Jun 19, 2008
Many people quote the laws of supply and demand, but few actually understand how it works. Here is a simple step by step method for thinking through the basic laws of economics.
Check your assumptions. The laws of supply and demand are only laws if the good is a commodity like lumber, crude oil or concrete. A commodity is a good that is perceived to be worth the same amount regardless of the supplier.
Pretend that you are a consumer. This is easy because you are a consumer. Let's say that you buy 7 apples a week at a price of fifty cents per apple. If the price of those apples goes up to one dollar per apple, will you buy more or less apples? When the price of a good rises, the demand for that good decreases and when the price falls, the demand for that good increases. This is the law of demand.
Pretend that you are a supplier. This may be more difficult to do. Let's say that you own a farm and you sell apples along with other fruits. One day, you sell your apples at the farmer's market for fifty cents per apple and sell out. The next day you sell your apples for a dollar a piece and you run out of apples again. Now you are making twice as much revenue from apples. Since you know you can sell apples for a dollar a piece, will you bring more or less apples to the market? Will you plant more or less apples next year? When the price of a good rises, the supply for that good increases and when the price of a good falls, the supply for that good decreases. This is the law of supply.
Picture yourself at a market with three apple stands in front of you. Also assume that all of the apples look exactly the same as far as you can tell. Two of the apple stands are selling them for sixty cents an apple and one of the apple stands is selling them for fifty cents an apple. How much will you pay for an apple? Perfect price information and equivalency of goods are some principles of perfect competition.
Picture yourself as the owner of one apple stand. You sell apples for fifty cents a piece and run out of apples. The next day you sell apples for sixty cents a piece and run out of apples. How much will you sell your apples for the next day? Instantaneous price adjustments are another aspect of perfect competition.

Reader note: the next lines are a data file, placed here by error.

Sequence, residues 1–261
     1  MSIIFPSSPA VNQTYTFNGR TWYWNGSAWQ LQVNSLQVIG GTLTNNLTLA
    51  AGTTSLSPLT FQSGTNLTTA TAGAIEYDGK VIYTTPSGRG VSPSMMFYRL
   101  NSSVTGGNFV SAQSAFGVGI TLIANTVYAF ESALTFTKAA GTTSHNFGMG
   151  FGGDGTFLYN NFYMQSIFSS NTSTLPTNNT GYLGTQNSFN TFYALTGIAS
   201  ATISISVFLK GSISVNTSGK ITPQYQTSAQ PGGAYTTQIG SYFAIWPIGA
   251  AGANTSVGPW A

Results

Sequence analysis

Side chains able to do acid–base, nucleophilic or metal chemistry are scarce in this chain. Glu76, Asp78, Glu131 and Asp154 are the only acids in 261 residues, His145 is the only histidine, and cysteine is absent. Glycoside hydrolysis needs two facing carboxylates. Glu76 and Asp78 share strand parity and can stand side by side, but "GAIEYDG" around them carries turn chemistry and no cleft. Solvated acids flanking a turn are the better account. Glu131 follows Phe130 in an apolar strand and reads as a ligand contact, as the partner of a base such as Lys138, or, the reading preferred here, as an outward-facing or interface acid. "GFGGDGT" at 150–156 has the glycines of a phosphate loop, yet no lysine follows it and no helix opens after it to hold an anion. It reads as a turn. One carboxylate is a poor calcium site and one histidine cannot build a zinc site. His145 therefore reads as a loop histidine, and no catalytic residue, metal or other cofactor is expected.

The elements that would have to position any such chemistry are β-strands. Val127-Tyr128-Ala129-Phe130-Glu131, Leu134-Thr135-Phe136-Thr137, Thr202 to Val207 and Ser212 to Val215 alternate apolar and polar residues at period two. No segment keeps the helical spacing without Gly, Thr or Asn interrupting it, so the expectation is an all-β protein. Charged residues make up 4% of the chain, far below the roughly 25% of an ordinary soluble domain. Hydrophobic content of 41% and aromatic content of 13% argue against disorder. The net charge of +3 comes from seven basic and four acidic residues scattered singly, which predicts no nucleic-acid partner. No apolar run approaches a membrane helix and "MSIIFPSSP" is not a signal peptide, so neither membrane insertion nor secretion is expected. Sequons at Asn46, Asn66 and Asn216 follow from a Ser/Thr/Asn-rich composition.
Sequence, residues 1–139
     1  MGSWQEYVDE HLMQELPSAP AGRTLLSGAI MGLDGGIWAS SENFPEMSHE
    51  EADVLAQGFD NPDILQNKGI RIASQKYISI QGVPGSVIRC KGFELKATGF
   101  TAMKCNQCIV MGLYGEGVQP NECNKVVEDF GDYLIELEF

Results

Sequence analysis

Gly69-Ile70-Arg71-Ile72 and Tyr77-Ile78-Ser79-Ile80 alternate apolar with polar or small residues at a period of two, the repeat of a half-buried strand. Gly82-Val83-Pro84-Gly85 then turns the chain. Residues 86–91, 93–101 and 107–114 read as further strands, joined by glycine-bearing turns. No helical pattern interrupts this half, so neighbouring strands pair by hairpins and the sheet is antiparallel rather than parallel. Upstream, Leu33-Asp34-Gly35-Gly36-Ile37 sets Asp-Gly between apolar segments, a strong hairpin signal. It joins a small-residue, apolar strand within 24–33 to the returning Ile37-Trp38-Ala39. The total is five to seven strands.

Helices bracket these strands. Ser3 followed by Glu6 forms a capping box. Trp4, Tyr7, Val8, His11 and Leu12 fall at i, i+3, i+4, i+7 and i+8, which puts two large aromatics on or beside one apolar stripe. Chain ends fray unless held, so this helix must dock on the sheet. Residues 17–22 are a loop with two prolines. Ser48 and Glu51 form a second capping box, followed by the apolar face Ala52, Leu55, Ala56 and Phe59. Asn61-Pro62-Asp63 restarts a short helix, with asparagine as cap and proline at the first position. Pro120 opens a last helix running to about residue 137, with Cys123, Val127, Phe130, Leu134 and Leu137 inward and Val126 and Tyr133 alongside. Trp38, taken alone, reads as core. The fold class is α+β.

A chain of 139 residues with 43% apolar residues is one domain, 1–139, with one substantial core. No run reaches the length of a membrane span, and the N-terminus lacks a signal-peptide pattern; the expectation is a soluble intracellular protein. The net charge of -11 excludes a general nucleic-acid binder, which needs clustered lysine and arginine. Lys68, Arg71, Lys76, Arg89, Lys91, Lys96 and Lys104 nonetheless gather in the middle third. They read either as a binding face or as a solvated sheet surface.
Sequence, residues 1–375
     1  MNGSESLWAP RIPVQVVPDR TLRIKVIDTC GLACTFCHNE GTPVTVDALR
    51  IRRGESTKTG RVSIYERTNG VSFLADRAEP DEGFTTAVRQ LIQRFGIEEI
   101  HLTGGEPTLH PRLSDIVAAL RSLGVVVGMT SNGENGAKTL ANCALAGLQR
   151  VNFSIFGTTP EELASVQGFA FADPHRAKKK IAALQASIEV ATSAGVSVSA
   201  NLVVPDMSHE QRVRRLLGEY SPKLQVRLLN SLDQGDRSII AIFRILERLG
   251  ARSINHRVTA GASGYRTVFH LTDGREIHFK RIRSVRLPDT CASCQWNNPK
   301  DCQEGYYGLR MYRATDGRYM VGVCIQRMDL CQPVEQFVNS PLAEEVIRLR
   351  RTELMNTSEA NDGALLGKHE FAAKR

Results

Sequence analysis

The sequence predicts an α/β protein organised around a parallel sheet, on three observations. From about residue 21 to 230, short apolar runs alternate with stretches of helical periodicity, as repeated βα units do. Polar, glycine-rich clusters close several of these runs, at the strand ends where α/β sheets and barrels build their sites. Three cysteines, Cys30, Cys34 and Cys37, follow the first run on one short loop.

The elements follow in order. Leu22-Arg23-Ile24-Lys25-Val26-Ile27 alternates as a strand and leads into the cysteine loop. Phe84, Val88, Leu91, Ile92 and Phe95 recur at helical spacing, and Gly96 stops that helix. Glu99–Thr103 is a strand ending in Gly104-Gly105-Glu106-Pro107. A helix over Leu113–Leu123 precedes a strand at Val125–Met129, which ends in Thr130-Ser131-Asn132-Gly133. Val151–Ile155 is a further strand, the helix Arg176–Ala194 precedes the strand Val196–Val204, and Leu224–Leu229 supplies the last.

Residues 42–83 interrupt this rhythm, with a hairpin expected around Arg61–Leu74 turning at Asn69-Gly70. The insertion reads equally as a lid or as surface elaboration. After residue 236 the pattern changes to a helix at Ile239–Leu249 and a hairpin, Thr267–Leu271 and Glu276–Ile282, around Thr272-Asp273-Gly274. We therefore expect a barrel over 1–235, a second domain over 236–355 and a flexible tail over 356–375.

Let's assume that at a price of one dollar a piece, suppliers bring 100 apples to the market and consumers are willing to buy 90 apples at that price. There is a of ten apples. The only way to sell these surplus apples is to lower the price or perhaps give them away. Next time you come to the market, you may sell your apples at a discounted price to increase the demand (see law of demand) and eliminate the surplus. Another solution would be to bring less apples to the market next time or plant less apples in the future. Both of these options are called market corrections.
Now let's assume that at a price of ninety cents a piece, suppliers bring 100 apples to the market and consumers are willing to buy 110 apples. There are ten people who want apples and do not have them. This is called a shortage. If the seller wants to make a greater profit, he will bring more apples to the market or sell the apples for a higher price the next day. These options are also called market corrections.
See that the market will correct itself until a point of equilibrium is reached. That is, until there is neither a surplus nor a shortage.
It is often said that, "if there is less supply, the price goes up." This is a misstatement of the law of supply and is more akin to the resulting effect of a shortage. The laws of supply and demand both refer to how price affects the market, not the other way around.
Knowledge of economics will help you understand how the market works, but keep in mind that the laws of supply and demand are very limited.
You will often hear the laws of supply and demand referenced by those who have very limited knowledge of economics. It is not a good idea to get in arguments with them.
Posted by Jane at Thursday, June 19, 2008 |